The Burns Times-Herald, established in 1887, has served the community of Harney County and Burns since the earliest days of its settlement. The Burns Times-Herald covers Harney County, a frontier community newspaper, in an area that is poised for economic growth.
The focus of the newspaper is on community life, events, activities and people, published weekly on Wednesdays. Supplements to the newspaper include “Destination Harney County” a visitor’s guide to recreation, services, and businesses in the local area.
The Burns Times-Herald is an award winning newspaper in both editorial and advertising categories and has been recognized by the Oregon Newspaper Publishers Association for its work. The Burns Times-Herald focuses on the community, its needs, and its people. It strikes a balance between a high-level journalistic standard to the need of the community to express itself in its own ways. The news about the 4-H club is as important as the news about the city council; the news about the school children’s Thanksgiving turkey project is as important as the story about budget troubles. And most important are the letters to the editor.
Burns, Oregon, is the county seat for Harney County and is the center of population along with Hines, Oregon, whose city limits border Burns on the south. Harney County is frontier country, the ninth largest county in the contiguous United States covering 10,000 square miles with a population of 7,600. The people who live here think of the county as the community and friendships and concerns aren’t bound by city limits. The community’s isolation has created an independent proud people who are known for their ability to get things done and the courage to strike out in new directions.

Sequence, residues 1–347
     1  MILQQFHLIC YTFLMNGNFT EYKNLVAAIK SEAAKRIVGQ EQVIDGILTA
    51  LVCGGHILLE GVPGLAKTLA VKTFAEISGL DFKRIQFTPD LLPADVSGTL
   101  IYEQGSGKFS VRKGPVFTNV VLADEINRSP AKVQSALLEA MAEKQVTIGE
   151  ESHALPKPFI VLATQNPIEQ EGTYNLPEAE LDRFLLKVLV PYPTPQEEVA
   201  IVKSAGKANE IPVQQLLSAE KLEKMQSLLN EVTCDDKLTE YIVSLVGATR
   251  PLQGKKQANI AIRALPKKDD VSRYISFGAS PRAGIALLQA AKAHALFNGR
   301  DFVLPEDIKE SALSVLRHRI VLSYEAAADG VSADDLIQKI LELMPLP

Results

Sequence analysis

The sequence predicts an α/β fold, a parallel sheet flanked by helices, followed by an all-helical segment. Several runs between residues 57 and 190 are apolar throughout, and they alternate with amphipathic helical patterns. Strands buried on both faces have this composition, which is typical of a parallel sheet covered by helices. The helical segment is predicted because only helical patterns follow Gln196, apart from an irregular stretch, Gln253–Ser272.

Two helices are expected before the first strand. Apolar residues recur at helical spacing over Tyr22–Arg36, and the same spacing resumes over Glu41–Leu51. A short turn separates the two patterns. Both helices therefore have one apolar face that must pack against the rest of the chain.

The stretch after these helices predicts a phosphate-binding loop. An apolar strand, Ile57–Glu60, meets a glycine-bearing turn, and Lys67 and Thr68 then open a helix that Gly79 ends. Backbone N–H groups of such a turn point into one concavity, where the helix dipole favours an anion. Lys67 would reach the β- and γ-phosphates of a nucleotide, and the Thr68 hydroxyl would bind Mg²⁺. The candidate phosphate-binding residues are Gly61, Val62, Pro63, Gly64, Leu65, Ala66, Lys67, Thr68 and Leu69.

Home of Steens Mountain, southeastern Oregon’s highest mountain reaching an elevation of 9,670 feet above sea level, Harney County boasts scenic values of high desert country, mountain forests, and the birding wonderland of Malheur National Wildlife Refuge. The economy has traditionally been base on ranching and lumber, but today with the arrival of fiber optics telecommunications, the community is truly ready to enter the world of futuristic technology. Industries are cattle ranching, hay production, dairy farming, manufacturing, timber, tourism and services. At the same time, the community is resolute in its planning to retain a quality of life that is small town and friendly. Harney County is the home of the Burns Paiute Indian Tribe.
First published in 1887, the Burns Times-Herald continues a long-standing tradition: “Covers Harney County Like the Sagebrush.”